Only Love Today

It’s been quiet here on the blog, as perhaps you’ve noticed. I’ve had a hard time writing since January’s presidential inauguration. While the Women’s March the following day was a balm, and a tremendously positive experience, my world felt unhinged with the onset of the new administration.

Writing, which has always been my anchor, suddenly felt frivolous. How could I focus on my memoir in the midst of my newfound activism? I also found it hard to read anything longer than an article or a Facebook post. By the time I turned off my phone at the end of the day, my brain was oversaturated, my heart overwhelmed.

Luckily, I received a book on January 23rd, and it’s been the only one I’ve been able to read.

only love arc

Only Love Today
Reminders to Breathe More, Stress Less, and Choose Love
by Rachel Macy Stafford

I’ve been hooked on Rachel for years, ever since I stumbled on her blog, Hands Free Mama, which, by the way, you don’t need to be a mom to love, and then reviewed her second book, Hands Free Life.

I was honored to be selected as part of her launch team* for Only Love Today, her beautiful new book, which is organized by season and written in both short poignant essays and prose poems.

After enjoying the lovely introduction, I started Part One: Spring. But something felt off. I quickly realized it had nothing to do with Rachel’s wise words or keenly wrought sentiments – I was simply in the wrong season. I flipped ahead to Winter and fell headlong into passages like this one:

only love hope

 

Most mornings I’d try to steal a few pages before the kids stampeded into the kitchen, or at night after they were in bed. A few minutes, a few pages, is sometimes all I had time for, but often, it was all I needed.

In the midst of a particularly challenging news cycle, when I felt swallowed up by despair, wondering if anything I was doing could possibly make a difference, these words appeared, rising up off the page and pressing into me with a tenderness I could almost feel:

“Maybe the bravest thing you could do right now is just decide this will not defeat you.”

Yes. Oh, yes.

Then a week later, I read this passage while calmly sipping my morning coffee, not knowing that later in the day, these words would serve as a lifeline:

only love fighter

The thing I always receive from Rachel, whether online or in her books, is love. Sounds kind of cheesy, right? But I mean it in all sincerity. Because Rachel is sincere. She genuinely wants to help people, and she does, through her writing and her actions.

She lives out her mantra, only love today, or at least she tries to. What makes Rachel and her books so approachable is that she does not profess to be perfect. She hasn’t figured it all out. Every day, every hour, is a choice. To choose love – not just for others, but for ourselves.

Sometimes I forget this. I put on my Only Love Today bracelet, and think, today I’m going to be better. I’m going to be more patient, more kind. I won’t yell at my kids.

only love bracelet

And then, I lose it. Maybe not even an hour later. My go-to reaction is disgust and self-loathing. I might even take off the bracelet, as if I’m not worthy of wearing it.

only love purple minion

This is what I feel like on bad days.

Then I remember – I’m the one who actually needs it.

The more love I offer to myself, the more generous I can be with others.

*Give-away update! The winner has been selected and informed. Thank you all for your comments here and on Facebook. I wish I had more copies to give away, but it’s worth checking out for yourself if you are so inspired. I hear Target is selling it in droves! xo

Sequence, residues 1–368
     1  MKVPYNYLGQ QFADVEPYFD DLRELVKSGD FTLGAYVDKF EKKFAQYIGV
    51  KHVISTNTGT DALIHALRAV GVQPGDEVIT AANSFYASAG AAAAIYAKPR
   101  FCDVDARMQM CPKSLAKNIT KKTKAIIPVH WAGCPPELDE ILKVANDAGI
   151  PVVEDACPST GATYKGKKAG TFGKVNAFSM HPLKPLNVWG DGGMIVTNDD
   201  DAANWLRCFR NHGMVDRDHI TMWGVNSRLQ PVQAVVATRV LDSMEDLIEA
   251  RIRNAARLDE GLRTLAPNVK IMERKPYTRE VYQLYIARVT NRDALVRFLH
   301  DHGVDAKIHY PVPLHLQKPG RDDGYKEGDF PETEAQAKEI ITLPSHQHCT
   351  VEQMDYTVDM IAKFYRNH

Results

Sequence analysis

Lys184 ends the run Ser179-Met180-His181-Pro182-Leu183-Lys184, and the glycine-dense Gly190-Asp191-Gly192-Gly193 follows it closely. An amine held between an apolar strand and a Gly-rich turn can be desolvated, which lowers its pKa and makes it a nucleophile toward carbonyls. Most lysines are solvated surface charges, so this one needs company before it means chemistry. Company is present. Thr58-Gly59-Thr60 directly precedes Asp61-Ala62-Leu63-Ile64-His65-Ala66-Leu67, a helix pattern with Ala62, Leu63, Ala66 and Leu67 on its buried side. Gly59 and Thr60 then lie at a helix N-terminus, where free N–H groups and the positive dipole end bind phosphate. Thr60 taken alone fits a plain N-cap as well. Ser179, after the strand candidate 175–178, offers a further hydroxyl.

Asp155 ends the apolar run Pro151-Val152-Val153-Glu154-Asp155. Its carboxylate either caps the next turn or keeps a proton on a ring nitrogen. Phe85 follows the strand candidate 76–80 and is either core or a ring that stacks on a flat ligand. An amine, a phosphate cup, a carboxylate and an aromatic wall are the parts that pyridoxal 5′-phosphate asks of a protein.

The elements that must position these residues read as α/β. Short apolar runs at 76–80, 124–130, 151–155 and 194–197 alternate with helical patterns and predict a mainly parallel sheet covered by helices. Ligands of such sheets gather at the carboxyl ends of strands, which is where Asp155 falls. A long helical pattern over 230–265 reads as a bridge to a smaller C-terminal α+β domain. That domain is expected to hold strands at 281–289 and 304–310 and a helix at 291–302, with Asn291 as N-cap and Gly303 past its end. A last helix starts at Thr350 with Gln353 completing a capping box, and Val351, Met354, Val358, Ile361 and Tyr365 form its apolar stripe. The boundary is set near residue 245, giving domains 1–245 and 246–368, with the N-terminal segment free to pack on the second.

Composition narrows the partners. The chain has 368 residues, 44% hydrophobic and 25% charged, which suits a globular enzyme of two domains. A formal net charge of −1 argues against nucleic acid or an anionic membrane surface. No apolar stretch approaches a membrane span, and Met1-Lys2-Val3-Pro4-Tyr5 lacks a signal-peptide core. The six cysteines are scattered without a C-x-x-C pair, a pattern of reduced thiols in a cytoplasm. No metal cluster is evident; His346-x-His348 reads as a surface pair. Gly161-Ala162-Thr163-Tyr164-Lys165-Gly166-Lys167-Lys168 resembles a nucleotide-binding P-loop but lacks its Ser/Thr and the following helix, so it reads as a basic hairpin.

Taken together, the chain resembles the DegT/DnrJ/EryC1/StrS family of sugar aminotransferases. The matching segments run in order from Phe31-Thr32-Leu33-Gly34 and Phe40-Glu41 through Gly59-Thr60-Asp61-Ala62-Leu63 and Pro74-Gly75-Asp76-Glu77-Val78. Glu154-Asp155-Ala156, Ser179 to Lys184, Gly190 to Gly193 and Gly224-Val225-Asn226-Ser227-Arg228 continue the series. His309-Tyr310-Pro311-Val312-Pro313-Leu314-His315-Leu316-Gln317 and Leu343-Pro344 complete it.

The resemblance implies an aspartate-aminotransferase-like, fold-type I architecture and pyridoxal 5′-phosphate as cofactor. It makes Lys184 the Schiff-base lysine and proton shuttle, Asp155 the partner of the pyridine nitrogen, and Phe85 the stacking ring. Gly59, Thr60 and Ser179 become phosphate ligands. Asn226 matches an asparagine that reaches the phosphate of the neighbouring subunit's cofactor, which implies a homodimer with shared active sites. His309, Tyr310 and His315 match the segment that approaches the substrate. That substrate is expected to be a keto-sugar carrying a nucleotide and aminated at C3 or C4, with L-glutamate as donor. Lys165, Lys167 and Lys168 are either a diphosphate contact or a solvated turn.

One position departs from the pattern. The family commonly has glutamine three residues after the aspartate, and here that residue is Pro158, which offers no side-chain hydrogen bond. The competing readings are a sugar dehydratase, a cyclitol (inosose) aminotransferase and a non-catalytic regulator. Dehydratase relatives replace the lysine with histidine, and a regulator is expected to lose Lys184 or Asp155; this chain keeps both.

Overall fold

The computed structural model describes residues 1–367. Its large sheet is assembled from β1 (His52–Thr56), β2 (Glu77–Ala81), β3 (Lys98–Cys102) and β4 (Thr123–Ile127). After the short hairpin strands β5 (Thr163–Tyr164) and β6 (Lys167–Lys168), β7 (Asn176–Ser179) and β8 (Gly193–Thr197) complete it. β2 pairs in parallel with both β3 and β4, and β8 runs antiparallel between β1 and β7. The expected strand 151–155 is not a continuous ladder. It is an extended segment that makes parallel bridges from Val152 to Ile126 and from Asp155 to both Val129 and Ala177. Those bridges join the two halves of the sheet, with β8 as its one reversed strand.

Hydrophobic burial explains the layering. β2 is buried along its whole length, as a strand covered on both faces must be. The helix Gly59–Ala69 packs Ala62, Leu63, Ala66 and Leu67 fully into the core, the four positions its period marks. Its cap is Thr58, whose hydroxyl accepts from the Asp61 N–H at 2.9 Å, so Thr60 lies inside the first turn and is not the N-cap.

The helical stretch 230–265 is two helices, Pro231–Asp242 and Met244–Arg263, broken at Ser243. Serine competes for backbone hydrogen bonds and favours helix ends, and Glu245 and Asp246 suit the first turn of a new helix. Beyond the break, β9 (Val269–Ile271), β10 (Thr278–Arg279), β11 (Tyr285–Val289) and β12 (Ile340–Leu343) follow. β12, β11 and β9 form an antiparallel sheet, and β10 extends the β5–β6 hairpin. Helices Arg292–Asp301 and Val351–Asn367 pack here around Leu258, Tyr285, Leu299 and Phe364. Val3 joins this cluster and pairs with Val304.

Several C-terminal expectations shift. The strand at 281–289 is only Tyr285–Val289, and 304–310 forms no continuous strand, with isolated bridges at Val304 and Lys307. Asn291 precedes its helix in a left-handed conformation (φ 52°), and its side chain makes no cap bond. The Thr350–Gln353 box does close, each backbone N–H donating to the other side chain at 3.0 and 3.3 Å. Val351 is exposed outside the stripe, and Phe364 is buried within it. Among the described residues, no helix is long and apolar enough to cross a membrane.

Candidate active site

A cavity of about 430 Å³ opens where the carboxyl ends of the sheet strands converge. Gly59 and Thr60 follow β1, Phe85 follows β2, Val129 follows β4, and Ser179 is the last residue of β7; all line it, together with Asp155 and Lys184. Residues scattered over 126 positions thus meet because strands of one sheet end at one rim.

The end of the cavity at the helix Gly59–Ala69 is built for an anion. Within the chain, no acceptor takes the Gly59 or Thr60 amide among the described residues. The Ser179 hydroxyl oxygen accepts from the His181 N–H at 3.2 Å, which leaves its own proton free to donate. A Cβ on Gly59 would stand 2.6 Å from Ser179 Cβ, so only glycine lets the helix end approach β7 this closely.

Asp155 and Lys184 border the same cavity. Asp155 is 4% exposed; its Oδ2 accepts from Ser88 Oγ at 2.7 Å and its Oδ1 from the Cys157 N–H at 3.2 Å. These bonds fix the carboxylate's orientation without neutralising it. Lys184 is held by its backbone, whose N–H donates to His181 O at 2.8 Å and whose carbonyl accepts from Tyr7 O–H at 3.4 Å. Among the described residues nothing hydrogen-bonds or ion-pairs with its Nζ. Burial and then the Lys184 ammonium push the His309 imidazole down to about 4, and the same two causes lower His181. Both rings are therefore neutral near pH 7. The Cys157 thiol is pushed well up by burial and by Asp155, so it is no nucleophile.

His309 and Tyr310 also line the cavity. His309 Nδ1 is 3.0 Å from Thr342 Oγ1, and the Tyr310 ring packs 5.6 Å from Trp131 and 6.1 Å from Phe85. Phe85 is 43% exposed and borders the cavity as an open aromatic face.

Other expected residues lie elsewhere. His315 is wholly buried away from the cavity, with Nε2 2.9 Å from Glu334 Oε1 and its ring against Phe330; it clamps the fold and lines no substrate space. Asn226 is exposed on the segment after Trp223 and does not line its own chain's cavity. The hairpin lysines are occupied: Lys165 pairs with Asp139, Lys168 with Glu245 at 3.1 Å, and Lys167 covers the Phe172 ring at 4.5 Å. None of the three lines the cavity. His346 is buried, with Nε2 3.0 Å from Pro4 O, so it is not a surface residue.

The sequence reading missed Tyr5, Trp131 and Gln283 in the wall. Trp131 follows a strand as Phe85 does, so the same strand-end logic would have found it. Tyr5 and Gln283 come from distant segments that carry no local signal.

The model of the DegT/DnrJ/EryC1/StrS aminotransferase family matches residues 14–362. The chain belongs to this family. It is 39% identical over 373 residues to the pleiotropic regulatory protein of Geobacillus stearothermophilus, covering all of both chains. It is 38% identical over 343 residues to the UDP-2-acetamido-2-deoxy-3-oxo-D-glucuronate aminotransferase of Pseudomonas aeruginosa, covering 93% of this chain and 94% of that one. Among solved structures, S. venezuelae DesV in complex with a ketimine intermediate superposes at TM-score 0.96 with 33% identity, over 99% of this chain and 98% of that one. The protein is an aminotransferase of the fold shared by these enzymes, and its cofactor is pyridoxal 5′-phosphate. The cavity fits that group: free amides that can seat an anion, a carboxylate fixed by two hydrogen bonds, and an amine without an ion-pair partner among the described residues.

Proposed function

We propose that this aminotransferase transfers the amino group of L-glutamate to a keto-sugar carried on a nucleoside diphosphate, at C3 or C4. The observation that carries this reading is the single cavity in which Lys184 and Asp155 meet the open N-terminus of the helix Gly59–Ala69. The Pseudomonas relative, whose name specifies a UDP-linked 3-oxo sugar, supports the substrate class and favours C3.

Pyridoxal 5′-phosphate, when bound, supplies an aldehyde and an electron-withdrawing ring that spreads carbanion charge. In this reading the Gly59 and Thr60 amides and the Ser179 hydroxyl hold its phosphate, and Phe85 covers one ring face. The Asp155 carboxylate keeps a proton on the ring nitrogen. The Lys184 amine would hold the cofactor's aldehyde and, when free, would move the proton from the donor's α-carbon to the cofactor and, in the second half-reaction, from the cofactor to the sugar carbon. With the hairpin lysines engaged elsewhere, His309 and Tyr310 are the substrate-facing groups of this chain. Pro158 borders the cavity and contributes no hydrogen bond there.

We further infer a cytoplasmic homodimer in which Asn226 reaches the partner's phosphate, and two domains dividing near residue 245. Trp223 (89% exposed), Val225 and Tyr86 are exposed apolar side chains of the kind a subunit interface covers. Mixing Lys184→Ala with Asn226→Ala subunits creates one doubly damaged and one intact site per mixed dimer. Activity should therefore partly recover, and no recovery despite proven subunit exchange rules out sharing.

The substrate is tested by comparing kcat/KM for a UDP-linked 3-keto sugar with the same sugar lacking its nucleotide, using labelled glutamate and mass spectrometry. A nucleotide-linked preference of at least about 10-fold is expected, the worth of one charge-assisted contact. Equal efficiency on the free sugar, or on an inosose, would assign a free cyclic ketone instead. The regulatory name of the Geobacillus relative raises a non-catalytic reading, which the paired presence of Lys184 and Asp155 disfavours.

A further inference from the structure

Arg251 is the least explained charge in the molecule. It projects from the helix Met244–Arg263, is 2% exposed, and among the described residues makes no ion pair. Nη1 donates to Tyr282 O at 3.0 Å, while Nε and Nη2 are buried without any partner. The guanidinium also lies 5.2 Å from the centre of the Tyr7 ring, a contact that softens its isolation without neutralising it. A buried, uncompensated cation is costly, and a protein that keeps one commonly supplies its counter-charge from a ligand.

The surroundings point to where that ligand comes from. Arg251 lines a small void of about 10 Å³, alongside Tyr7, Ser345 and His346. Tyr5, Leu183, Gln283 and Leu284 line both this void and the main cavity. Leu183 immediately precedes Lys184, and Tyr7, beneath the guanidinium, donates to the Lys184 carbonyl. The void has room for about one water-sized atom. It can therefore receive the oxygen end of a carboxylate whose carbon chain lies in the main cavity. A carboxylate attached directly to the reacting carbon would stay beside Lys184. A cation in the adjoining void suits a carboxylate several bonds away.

only love and pix

Cat not included.

*I was given complimentary copies of the ARC and hardcover as part of the Only Love Today launch team, but the opinions here are entirely my own. 

 

The Small Backs of Children: Book Review

One word has exploded a world of new-to-me authors and books: podcasts.

That’s how I found out about Lidia Yuknavitch, author of two short story collections, the ground-quaking body-centric memoir, The Chronology of Water, a novel about Freud’s famous first patient, Dora: A Headcase, and her latest fiction, a heart shattering and language loving novel, The Small Backs of Children.

I don’t often review books on this blog (hey, maybe I will) but after reading my first Lidia I felt a shift, the seismic kind. So often, reading removes me from my body. You probably know what I mean, when immersed in a riveting story, you lose your physical self and float away in a time-space oblivion. But this time the opposite occurred. Reading The Small Backs of Children I was as fully aware of my body’s responses to her words as I was to my brain’s.

The book was intense and when I finished I felt shaken and stirred (sorry, but there’s a lot of drinking as well as violence and beauty). Shortly after, I began writing my first short story in two years. I know her influence left an impression on the choices I made in regards to language and the body.

Are you curious yet? My review is below, and shortly, I will be sending out a long-awaited newsletter with an exhaustive – but thrilling (!) podcast round-up. If you’re not a podcast convert yet, you may be by the end. Please consider signing up (CLICK HERE!) for my newsletter if you haven’t already. Believe me when I say you won’t be inundated. Maybe monthly, if the stars and planets align.

Now, finally…

The Small Backs of Children by Lidia Yuknavitch

This is a book about the body. Women and children’s bodies, and the violence inflicted on them during times of war and peace.

The Small Backs cover

Yuknavitch begins in the mind of an unnamed girl, in an unnamed Eastern European country, as she recalls the obliteration of her family home – and entire family – while walking in the snowy woods a year later.